In Florence Artemisia was able to advance her career with outstanding success. The city’s rulers hired her; she was the first woman admitted to its Accademia delle Arti del Disegno; she became friends with Galileo. To my eyes, it makes best sense to suppose that the pictures I’ve mentioned were conceived either before or at the outset of her seven years in Florence, but the evidence is indeterminate, and others argue that some of them postdate her return to Rome in 1620. A celebrity by this stage, she seems soon after to have discarded Stiattesi.
There is consistency to Artemisia’s career—which took her, in her mid-thirties, to Venice for three years, after which Naples became her base—in that she returned repeatedly to female figures who are at once self-willed and sexually charismatic. There is also a stylistic mobility and a diversity of dramatic tone that have been apt to bemuse art historians. (Keith Christiansen of the Met once provocatively dubbed Artemisia a “chameleon.”) Chronologically, the paintings in the National Gallery show begin and end with contrasting large canvases of Susannah and the Elders, that tale from the Apocrypha of a virtuous wife cornered by lecherous intruders while bathing in her garden. The first, which the Roman teenager signed ARTIMITIA GENTILESCHI 1610, is an unforgettably somber variation on Orazio’s own variations on Caravaggio. Under a stark sky and against stern masonry, the two malign males cluster in a human heap that threatens to crush the awkward and acutely palpable young bather seen cowering below.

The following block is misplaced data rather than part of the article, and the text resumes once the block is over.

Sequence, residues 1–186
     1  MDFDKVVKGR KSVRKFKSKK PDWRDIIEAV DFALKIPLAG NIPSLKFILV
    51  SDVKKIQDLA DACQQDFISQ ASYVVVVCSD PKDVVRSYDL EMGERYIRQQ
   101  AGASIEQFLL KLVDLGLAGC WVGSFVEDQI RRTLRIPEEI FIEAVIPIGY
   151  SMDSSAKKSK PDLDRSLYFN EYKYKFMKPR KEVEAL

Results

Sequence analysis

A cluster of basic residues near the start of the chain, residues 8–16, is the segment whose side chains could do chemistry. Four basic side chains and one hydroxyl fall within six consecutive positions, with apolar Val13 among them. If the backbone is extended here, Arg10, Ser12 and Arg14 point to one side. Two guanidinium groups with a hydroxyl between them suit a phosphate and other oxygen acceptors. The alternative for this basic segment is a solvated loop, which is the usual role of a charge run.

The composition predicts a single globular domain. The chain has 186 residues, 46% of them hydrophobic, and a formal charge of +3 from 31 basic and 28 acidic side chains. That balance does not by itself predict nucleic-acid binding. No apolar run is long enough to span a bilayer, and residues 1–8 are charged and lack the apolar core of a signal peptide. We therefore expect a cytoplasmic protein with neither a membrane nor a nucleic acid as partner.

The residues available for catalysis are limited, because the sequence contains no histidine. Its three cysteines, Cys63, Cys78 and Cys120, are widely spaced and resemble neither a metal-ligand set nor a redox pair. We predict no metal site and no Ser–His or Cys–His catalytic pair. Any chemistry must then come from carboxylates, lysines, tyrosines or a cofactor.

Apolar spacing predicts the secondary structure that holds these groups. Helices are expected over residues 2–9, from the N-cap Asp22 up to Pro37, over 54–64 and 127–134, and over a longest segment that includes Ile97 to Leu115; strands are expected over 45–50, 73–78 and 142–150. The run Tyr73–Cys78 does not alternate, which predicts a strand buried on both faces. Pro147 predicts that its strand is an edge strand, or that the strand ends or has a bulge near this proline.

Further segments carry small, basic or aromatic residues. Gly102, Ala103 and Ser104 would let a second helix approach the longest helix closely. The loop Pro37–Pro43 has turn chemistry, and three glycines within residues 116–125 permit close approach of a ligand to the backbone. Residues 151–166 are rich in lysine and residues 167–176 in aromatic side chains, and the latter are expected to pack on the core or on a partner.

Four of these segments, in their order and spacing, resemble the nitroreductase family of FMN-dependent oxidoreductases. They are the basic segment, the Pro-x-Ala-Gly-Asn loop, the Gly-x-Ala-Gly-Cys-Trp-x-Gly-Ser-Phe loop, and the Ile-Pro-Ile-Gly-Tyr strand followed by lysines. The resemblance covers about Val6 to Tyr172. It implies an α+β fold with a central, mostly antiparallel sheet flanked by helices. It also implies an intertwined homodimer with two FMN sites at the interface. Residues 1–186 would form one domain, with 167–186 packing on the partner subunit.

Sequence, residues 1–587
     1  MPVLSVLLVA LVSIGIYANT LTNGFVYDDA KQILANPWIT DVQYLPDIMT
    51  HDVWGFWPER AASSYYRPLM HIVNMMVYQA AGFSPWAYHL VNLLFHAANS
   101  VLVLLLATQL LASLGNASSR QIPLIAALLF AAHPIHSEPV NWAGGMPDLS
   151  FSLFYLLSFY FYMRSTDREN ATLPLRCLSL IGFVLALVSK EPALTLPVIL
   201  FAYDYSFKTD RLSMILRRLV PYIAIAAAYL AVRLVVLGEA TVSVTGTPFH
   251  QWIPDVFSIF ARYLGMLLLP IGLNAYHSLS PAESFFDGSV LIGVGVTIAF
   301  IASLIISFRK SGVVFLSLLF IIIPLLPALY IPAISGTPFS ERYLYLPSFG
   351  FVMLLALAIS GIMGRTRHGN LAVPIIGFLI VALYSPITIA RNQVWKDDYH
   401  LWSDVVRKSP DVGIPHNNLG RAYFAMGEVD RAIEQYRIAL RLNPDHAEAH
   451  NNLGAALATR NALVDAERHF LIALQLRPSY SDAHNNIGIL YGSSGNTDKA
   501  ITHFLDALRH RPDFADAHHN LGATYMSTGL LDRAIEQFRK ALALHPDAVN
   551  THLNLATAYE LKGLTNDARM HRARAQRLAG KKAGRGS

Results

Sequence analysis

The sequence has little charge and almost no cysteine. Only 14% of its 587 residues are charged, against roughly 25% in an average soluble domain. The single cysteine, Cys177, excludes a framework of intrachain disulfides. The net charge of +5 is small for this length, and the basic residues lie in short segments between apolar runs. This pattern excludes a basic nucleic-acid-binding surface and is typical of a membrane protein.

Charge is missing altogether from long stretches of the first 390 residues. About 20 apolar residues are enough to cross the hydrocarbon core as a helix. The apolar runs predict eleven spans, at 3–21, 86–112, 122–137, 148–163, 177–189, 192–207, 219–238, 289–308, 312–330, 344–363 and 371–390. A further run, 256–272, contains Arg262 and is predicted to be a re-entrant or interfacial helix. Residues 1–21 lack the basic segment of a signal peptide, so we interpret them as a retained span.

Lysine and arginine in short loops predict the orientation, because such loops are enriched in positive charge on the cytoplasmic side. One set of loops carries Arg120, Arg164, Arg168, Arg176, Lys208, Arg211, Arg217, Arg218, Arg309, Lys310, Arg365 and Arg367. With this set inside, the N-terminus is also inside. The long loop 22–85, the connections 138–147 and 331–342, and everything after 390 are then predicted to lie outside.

Forty-two years later, the veteran of the Neapolitan art scene set up another battle of the sexes—but in this one, a half-draped Susannah is seen to be winning. Her cocked chin and raised arm effortlessly rebuke the roués. Her contours now cut a harmonious classical rhythm, and the molesters half-recoil as they clutch a balustrade. It looks to me as if they had for their models two mischievous and obliging friends of the artist. Her high spirits also show in a Naples canvas featuring a wonderfully bleary Lot being plied with wine by his daughters, while the nine-foot-wide history painting Esther Before Ahasuerus pits comedy against pathos: a foppish monarch clutches the armrests of his throne, caught between confusion and compassion as his tragic heroine of a wife faints into the arms of her maids.
Between those early and late Susannahs, there is a third, borrowed from an English country house and dated 1622. It includes a lyrical late-evening sky of the kind that Guercino, Artemisia’s colleague in the Rome of that era, loved to paint. But its highlights fall on a voluptuous naked blond, whose attempt to clutch at a chemise while raising a “Heaven help me!” sigh seems tokenistic at most, effectively inviting the viewer to sympathize with the lustful designs of the elders who lean close behind. The two scholars who have done most to establish an Artemisia for our age have had trouble with this canvas. Puzzling over its style and facture, the late Raymond Ward Bissell (to whom the catalog is dedicated) declared in his catalogue raisonné of 1999 that it “cannot be made to fit” any model of the painter’s development.